The Vital Midwest


John Austin at the Michigan Economic Center is a long time commentator on Midwest economic issues, going back to at least his 2006 Brookings Institute report “The Vital Center.”

Austin is back with a new report, which could perhaps be seen as an update of sorts, called “A Vital Midwest: The Path to a New Prosperity,” released by the Chicago Council on Global Affairs.

In a region with a lot of naysayers, Austin has been a consistently optimistic voice about the future of the region. This report continues in that tradition. I think he always does a great job of identifying and highlighting the assets that are present in the region.

Some highlights:

A lot has changed since the Midwest served as the birthing ground of the great industries—processed food, retail commerce, aviation, cars, chemicals, steel, electronics, machinery, consumer durables, and many more—that powered 20th-century America.

Much has also changed since a generation ago, when globalization and new industrial rivals diminished the region’s economic primacy, shuttered hometown employers’ doors, and left many communities struggling. This collective transition earned the region its “Rust Belt” moniker.

Over recent years, the forces of technological disruption, new lifestyle and work preferences of young and mobile talent, changing demographics, and media in an increasingly wired world have continued to alter the dynamics of the global marketplace, the shape of communities, and the economic position and possibilities for the residents of the region.

Today the Midwest is neither an economic monolith nor, despite lingering popular misconceptions, a “Rust Belt.” Many Midwest communities, large and small, have successfully evolved from their industrial and farming roots and are winning in today’s globalized, tech-based, and knowledge-driven economy. Most of the region’s major metros—from the Twin Cities in the west to Indianapolis at the nation’s crossroads to Pittsburgh in the east—are diverse, thriving hothouses of knowledge work.

What’s more, all of the communities anchored by one of the region’s numerous top-flight research universities (such as Iowa City, Ann Arbor, and State College) are thriving in an economic era in which talent and innovation dominate.

Many other Midwest communities that are neither major metros nor home to top research universities have also found paths to new success by embracing the forces of economic change and building on their particular assets to create a new era of economic vitality.

These include cities such as Columbus, Indiana; Midland, Michigan; and Rochester, Minnesota—cities that are thriving as their anchor employers stay on the cutting edge of innovation in emerging sectors.

Click over to read the whole piece.

Aaron M. Renn is an opinion-leading urban analyst, consultant, speaker, and writer on a mission to help America’s cities and people thrive and find real success in the 21st century. He also regularly contributes to and is cited by national and global media outlets, and his work has appeared in the The Guardian (UK), The New York Times, and The Washington Post, along with many others. Renn was a Senior Fellow at the Manhattan Institute from 2015-2019 and is a Contributing Editor at its quarterly magazine City Journal.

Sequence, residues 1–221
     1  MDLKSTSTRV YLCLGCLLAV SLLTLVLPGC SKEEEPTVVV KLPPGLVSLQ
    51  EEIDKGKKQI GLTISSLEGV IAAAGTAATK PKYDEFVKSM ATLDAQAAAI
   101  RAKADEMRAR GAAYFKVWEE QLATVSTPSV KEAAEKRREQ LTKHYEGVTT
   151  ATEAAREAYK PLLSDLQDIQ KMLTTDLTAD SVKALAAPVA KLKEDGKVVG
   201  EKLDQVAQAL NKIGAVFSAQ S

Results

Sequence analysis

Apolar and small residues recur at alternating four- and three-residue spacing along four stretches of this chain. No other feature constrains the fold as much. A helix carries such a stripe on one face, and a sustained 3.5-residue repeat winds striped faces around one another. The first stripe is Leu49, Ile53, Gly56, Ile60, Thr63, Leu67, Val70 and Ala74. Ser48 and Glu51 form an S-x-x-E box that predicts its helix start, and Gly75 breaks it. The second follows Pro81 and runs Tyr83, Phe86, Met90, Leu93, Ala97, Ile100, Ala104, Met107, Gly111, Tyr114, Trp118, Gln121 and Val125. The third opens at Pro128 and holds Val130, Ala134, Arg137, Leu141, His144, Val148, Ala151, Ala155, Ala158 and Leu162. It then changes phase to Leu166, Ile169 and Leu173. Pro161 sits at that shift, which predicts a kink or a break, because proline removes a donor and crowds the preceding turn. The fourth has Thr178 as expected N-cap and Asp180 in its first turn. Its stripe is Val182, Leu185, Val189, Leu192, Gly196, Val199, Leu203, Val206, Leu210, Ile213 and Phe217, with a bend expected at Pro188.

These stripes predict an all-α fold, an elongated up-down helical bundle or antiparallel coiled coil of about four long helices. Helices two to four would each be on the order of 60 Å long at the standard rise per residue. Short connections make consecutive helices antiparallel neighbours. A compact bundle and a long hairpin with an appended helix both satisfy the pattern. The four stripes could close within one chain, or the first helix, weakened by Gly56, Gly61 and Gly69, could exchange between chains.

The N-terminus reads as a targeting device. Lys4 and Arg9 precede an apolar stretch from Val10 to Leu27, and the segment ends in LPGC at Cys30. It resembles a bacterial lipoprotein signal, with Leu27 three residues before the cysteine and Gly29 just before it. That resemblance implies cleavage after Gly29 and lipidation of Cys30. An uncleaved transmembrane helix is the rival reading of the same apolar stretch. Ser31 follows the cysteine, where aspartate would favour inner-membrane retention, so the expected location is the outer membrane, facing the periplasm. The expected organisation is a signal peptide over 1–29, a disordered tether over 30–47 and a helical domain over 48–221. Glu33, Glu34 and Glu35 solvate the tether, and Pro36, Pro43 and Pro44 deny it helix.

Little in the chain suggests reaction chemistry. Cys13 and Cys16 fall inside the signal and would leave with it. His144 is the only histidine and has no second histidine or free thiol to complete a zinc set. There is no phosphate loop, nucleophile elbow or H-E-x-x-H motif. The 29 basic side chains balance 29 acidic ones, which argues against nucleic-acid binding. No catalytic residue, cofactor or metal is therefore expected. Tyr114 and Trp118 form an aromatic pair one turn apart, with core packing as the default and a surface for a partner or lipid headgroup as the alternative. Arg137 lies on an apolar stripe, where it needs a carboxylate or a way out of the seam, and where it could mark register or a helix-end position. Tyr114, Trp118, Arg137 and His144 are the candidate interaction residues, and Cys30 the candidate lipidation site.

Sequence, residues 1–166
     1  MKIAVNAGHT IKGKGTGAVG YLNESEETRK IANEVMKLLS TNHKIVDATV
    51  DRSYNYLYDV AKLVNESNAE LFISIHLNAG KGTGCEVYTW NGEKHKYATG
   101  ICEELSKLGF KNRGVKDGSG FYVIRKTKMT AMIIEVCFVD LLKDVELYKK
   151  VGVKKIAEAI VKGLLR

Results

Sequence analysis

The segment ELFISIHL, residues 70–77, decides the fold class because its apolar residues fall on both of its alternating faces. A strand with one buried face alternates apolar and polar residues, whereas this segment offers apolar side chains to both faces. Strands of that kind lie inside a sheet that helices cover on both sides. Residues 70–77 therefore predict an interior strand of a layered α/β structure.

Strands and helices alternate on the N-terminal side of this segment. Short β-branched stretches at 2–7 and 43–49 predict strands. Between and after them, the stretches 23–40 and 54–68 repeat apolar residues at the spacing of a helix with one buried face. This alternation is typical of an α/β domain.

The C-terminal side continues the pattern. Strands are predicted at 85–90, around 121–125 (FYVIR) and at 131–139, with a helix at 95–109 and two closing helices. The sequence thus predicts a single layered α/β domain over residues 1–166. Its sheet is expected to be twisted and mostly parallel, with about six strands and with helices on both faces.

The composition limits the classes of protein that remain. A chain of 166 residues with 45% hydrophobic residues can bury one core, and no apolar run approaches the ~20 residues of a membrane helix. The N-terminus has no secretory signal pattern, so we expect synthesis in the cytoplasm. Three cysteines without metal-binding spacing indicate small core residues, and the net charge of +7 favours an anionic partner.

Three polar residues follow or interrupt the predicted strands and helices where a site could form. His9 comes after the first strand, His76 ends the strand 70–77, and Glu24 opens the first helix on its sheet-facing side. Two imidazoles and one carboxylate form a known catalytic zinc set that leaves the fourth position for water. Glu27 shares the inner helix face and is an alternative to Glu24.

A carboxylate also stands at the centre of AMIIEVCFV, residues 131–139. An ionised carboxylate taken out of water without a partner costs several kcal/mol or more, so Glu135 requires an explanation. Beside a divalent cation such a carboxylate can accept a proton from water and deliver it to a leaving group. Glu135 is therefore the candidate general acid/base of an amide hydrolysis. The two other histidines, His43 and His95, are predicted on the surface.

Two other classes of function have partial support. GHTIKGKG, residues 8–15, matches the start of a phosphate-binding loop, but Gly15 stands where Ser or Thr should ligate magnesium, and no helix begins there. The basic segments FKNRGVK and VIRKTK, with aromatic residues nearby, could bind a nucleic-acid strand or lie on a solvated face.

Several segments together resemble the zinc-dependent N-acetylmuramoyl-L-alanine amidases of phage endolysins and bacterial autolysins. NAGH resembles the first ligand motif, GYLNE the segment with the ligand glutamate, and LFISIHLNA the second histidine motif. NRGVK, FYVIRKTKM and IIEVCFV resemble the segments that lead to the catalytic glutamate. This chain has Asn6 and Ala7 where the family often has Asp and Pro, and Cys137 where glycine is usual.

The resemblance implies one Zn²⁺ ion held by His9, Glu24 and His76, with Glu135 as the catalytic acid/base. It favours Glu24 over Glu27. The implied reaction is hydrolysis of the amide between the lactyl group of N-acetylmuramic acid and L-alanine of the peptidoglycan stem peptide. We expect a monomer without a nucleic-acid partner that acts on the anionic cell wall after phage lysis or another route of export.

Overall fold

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Midwest Geography

I'm gonna quibble with the map in this article--and by extension, with the definition of the "Midwest." Of course definitions are arbitrary, but a map and article that puts Rochester and Pennsylvania in the Midwest is stretching the concept beyond meaning.

Defined by states, the Midwest includes Ohio, Indiana, Michigan, Wisconsin, Illinois, Iowa, Minnesota, Missouri, and perhaps Kentucky if you stretch it a bit. Not Pennsylvania.

A second possible definition is prime agricultural land in the Upper Mississippi Valley and its tributaries. "Upper" means north of the Ohio River. That would put Pittsburgh as a border city. (Though the joke about Pittsburgh is that it's the biggest city in W. Virginia.)

A third definition is the above, with the additional caveat that the region was settled originally under Quaker influence. That means high Catholic (and Amish) populations, such as found in Buffalo, Columbus, Milwaukee, Chicago and St. Louis. But certainly not Rochester, which is a redoubt of Yankee Protestantism. Perhaps also not Minneapolis, northern Michigan, or northern Wisconsin.

I'd count Buffalo as the Midwest's easternmost border city: the Lake Erie littoral is heavily agricultural; it's the most Catholic city in America (%-wise); especially before the Welland Canal, it was a transshipment point for Midwestern grain; it grew up as the gateway to the Midwest because of the Erie Canal.

By no reasonable definition is Rochester part of the Midwest.